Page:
When Nathan Mitchell was an inmate in the Fauquier County Adult Detention Center on a drug possession charge in 2017, he remembers buying coffee and sweets at the canteen. “For me, it was all about instant gratification. It was February and I didn’t have socks -- but I had candy and coffee.”
Mitchell remembers when someone at the jail -- who was there working with a drug rehab program -- looked at his feet and said, “You look cold.”
After more than two years, Mitchell is still amazed that “He gave me socks. It was amazing. I learned there were people who could love me when I couldn’t love myself.”
He remembers when the Rev. James Gould of St. John the Evangelist Catholic Church came to talk to inmates. “He talked to me like I was a human being.”
He said, “There were people who came in to talk to us that had been in my shoes and were living a clean life. They told us that if they could do it, so could we.”
The program he found in the jail was the impetus for a turnaround.
He remembers when a friend came to pick him upon his release from jail. He had walked over to the McShin Recovery Resource Foundation building (now SpiritWorks) across from the jail to wait. “We weren’t even out of the parking lot and he was offering me drugs. I said ‘no’ and walked back to McShin.”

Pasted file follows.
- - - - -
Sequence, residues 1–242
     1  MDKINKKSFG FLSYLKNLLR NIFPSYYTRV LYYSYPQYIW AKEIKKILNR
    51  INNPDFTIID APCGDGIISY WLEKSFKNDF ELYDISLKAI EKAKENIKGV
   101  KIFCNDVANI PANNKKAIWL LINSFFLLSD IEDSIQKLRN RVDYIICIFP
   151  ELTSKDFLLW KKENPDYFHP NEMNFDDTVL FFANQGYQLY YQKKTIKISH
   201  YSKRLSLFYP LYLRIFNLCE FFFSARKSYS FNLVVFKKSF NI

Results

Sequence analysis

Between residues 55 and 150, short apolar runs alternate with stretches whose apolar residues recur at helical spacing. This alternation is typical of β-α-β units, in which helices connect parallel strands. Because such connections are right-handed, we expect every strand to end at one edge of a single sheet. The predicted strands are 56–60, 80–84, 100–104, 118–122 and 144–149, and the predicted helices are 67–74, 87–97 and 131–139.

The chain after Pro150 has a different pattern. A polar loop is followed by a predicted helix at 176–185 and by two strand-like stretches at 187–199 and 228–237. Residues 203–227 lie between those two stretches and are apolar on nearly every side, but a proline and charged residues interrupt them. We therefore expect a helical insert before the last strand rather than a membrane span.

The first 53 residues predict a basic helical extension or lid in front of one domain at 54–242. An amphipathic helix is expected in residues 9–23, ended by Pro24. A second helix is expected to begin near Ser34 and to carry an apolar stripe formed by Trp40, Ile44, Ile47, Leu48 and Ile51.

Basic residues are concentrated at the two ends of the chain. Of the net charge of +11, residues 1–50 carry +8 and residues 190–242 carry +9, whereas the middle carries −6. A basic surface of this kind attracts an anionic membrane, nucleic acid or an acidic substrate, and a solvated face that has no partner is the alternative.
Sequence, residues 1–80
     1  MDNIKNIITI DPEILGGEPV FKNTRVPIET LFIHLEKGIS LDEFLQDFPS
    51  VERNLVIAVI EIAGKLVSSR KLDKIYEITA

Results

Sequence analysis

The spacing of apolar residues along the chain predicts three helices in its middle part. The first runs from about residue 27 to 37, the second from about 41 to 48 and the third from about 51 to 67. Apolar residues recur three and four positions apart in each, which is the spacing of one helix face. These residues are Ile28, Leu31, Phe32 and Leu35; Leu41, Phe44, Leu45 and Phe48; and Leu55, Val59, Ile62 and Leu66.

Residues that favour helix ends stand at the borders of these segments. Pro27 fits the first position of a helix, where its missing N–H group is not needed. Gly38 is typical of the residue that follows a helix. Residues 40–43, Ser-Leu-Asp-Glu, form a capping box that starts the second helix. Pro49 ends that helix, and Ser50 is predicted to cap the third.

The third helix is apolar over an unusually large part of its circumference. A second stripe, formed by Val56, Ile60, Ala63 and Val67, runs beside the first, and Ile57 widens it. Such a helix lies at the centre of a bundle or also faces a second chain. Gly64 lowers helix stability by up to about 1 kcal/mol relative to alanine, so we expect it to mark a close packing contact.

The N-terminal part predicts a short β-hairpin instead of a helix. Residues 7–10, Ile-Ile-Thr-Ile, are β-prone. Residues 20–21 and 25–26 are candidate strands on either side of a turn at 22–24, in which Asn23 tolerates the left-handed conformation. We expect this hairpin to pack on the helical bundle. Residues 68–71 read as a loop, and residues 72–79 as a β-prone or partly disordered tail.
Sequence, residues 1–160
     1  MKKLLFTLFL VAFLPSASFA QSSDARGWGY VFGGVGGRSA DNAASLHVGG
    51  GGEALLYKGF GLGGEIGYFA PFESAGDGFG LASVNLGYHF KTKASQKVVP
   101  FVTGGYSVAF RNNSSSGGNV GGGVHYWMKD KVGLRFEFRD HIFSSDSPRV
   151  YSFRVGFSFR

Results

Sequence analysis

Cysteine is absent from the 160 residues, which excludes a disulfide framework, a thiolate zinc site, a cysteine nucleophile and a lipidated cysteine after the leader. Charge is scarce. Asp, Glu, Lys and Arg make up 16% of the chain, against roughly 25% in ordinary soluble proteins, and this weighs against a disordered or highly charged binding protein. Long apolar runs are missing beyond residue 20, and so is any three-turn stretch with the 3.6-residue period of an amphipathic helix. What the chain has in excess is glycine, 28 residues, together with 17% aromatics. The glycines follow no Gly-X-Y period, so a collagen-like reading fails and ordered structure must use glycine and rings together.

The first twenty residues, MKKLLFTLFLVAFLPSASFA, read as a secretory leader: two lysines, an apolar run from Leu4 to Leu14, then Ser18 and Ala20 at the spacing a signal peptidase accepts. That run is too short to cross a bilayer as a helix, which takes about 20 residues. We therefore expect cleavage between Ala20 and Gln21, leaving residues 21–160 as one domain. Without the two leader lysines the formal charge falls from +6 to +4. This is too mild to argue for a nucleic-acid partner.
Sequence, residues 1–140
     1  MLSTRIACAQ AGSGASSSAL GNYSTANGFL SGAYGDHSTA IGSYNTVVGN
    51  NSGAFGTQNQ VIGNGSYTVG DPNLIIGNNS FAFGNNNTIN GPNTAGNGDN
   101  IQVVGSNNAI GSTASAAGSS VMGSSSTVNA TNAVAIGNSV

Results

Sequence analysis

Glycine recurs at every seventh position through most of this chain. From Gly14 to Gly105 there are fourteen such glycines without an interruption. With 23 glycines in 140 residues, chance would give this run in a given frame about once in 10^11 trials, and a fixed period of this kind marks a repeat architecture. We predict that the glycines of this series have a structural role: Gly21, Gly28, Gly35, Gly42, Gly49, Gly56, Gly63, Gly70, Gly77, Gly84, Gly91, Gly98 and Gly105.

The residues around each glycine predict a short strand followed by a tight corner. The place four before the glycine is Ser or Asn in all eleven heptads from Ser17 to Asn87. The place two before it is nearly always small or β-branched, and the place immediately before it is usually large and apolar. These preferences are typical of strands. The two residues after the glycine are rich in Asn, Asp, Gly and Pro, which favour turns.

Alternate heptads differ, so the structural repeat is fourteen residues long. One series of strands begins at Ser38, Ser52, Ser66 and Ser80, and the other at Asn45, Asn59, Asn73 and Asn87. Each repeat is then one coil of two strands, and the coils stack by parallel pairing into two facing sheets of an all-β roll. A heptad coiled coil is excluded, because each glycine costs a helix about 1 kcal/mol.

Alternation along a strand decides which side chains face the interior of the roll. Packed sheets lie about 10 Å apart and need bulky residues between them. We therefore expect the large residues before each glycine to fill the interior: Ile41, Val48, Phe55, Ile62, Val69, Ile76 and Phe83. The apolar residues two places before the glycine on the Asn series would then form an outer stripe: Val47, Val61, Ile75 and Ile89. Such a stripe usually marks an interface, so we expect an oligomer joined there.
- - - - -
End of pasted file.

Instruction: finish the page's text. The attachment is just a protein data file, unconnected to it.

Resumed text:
Mitchell made his way to the McShin Foundation headquarters in Richmond, where he is now the foundation’s community outreach and advocacy coordinator.
He and three other McShin supporters spent Friday afternoon creating a display of white crosses on Shirley Avenue in Warrenton across from Taylor Middle School. The aim was to create a 3,500-cross display to represent the 3,500 Virginia residents who lost their lives to drug-related causes in 2017. It’s called the White Marker Project.
Some of the crosses are marked with the names of those who died. Mitchell knew several of those memorialized on the crosses, including his best friend. He died of a drug-related heart attack 12 years ago at age 35. He was found by his 13-year-old son, Mitchell said.
Mitchell started using drugs at age 18; he is now 43. He said for a long time he was “pretty functional.”
He said he started using heavier drugs when he was about 22 but it wasn’t until he was in his mid-30s that he went “full-on into self-destructive behavior. By the time I was 39 or 40, I didn’t want to live.”
He said the first time he was in the Fauquier County Adult Detention Center, there was no program for those who were addicted. “We were all there on drug charges, and while I was there, all we talked about was drugs.”
He said by the time he was back in jail for the second time, “I was exhausted. I couldn’t get a clearance to do my job in D.C. I couldn’t vote.”
But by then, the Fauquier County Sheriff’s Office had a drug program.
Fauquier County Sheriff Bob Mosier explained, “Right after we took office in 2016, we had the Travis Project, building community awareness (Narcan for Deputies) and Wally and Pat Smith with Celebrate Recovery. In 2017, we had McShin, which transitioned to SpiritWorks. That was all behavioral-assisted treatment. In 2019 we introduced our first medically assisted treatment program with help from the director of the Community Services Board, Jim LaGraffe.”
As he pounded a white cross into the ground, Mitchell was thoughtful, “This is the first time I’ve been back in Warrenton since I got out of jail.”
He said, “I’m so grateful. This little jail in a rural community. They gave us hope.”
Reach Robin Earl at firstname.lastname@example.org